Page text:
Still traumatized by a boyfriend-turned-stalker, an English woman swaps apartments with her cousin in Boston. Soon a series of suspicious happenings are uncovered after the discovery of her next-door neighbor's murder.
Kate Priddy, the young woman at the center of Peter Swanson’s thriller Her Every Fear, is prone to panic attacks... More than slightly reckless, though, is her growing interest in the very recent murder of a woman who lived in the same apartment building that Kate’s moved into ... Mr. Swanson, the author of two earlier well-regarded suspense novels, tells this complex and often horrific story from several characters’ points of view, often through flashbacks spanning several years’ events in London and Boston ...reminiscent of a folie à deux out of Patricia Highsmith or Fuminori Nakamura ...the author proves to be at least a bit more merciful than his monstrous villain.
Peter Swanson tells an engaging story of a woman battling severe anxiety who decides to radically change her life –– and the horrifying results that follow –– in Her Every Fear ... When the novel focuses on Kate, the writing and story line shine. Swanson made the decision to give other points of view, including the cousin and Alan, and their narratives lag a bit ...a sole focus on Kate’s perspective would have made it a classic. Either way, Swanson has crafted an effective and compulsive thriller.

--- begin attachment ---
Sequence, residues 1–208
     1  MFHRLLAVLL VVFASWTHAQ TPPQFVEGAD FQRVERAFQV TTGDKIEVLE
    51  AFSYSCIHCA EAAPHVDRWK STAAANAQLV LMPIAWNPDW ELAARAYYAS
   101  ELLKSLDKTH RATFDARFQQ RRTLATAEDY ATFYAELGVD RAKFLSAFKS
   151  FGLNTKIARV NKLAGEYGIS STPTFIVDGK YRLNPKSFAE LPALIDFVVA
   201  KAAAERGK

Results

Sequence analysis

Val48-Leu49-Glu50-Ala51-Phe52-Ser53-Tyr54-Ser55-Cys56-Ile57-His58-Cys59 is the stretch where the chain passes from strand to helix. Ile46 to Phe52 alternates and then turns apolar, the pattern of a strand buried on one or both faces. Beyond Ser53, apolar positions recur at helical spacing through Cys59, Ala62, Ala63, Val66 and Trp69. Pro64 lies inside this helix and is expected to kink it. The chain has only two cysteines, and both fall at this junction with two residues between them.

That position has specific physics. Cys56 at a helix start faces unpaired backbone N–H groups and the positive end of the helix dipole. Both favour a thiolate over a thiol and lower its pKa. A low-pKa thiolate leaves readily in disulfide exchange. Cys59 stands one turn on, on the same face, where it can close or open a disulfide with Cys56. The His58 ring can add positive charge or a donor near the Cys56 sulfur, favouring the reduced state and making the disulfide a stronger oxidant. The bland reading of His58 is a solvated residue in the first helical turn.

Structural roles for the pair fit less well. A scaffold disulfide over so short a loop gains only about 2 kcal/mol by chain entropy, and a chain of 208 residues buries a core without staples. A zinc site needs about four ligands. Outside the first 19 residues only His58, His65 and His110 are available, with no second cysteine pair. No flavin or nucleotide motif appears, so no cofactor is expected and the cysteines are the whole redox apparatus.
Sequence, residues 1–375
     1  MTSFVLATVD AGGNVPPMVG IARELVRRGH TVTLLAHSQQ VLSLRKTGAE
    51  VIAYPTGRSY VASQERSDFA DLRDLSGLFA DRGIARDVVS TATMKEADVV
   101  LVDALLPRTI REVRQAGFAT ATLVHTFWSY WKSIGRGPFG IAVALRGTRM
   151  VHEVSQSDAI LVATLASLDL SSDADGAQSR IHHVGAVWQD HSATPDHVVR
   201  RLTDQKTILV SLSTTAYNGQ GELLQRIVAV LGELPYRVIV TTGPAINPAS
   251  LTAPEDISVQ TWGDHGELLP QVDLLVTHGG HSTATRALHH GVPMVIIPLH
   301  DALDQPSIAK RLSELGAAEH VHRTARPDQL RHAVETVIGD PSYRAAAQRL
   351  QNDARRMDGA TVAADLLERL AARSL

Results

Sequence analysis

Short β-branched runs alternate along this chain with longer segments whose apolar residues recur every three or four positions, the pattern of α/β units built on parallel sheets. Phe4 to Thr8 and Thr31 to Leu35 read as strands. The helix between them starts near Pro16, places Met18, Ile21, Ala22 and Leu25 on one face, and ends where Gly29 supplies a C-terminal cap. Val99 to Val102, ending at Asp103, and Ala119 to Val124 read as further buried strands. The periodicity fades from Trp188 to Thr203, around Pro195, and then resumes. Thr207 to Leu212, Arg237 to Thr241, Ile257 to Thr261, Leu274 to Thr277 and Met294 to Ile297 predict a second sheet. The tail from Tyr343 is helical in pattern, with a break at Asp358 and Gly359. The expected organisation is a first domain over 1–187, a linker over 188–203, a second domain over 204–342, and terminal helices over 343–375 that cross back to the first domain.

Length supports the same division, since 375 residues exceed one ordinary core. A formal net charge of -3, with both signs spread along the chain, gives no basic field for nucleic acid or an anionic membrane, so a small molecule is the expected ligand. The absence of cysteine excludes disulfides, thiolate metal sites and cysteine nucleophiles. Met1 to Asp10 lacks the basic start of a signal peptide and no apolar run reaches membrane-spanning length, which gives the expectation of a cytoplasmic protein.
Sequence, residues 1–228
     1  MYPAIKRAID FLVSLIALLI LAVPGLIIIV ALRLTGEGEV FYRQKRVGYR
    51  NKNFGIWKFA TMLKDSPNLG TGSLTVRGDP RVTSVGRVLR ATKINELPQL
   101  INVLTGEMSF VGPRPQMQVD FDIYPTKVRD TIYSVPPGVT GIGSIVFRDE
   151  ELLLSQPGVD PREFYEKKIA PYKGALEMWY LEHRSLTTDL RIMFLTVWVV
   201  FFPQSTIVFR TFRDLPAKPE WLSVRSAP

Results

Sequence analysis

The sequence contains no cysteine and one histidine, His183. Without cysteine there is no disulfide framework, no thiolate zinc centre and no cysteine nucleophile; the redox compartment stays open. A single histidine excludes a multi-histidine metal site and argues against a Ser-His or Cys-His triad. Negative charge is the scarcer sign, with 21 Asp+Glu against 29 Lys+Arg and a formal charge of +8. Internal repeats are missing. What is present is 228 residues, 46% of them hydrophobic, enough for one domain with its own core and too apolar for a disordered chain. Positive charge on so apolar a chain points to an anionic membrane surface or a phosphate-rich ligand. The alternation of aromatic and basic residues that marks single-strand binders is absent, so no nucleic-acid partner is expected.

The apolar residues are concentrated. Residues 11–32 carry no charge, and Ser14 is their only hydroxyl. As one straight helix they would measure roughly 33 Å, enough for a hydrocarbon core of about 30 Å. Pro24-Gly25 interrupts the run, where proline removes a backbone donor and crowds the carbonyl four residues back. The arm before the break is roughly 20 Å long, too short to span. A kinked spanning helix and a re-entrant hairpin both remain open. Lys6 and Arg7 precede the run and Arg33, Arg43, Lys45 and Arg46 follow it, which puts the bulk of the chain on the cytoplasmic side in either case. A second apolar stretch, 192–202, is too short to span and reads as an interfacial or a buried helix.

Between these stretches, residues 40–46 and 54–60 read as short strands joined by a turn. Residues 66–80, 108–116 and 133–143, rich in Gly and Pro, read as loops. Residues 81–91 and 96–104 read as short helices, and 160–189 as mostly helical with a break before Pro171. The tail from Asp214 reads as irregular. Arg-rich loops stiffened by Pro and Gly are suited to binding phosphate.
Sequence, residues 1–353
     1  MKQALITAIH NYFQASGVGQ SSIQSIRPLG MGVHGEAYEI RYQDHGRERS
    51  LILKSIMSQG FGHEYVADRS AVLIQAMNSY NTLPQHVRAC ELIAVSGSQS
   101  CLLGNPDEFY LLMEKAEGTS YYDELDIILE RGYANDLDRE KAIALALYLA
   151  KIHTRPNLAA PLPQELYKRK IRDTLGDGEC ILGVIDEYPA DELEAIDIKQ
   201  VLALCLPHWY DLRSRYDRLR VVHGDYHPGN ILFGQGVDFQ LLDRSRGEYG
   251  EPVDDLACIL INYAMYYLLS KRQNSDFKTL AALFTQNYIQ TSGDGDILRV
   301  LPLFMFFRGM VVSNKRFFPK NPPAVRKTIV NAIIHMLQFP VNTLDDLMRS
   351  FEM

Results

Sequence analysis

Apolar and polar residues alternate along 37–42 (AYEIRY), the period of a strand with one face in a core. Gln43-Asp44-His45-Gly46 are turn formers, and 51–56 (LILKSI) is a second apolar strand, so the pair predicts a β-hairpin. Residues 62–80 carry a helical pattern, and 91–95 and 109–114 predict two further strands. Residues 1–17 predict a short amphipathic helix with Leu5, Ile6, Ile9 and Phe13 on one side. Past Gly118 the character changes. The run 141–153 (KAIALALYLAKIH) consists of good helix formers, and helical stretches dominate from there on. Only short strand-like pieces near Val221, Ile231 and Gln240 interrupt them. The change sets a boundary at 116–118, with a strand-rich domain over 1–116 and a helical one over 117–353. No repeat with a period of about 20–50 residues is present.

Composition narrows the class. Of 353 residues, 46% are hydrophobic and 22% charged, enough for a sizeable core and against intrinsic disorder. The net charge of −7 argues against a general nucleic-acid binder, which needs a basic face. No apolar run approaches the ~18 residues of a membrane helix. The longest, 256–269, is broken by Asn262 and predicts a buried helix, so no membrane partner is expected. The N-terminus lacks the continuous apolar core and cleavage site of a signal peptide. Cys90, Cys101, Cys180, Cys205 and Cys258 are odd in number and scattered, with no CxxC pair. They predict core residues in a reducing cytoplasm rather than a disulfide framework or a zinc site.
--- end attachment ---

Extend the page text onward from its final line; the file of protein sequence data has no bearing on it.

...be in for a big surprise, however, as they turn the pages of the upcoming Her Every Fear, a woman-in-jeopardy story in which the bad people are men ...revel at Swanson’s ability to create charismatic villains who spark fear by the evilness of their deeds and because they look like people we see every day ...these scenes between Corbin and Henry where Swanson’s strengths as a craftsman of evil truly shine ...a very different kind of book, more reminiscent of Daphne du Maurier’s gothic storytelling than the stiletto-sharp prose that’s led readers and critics to compare Swanson to James Cain.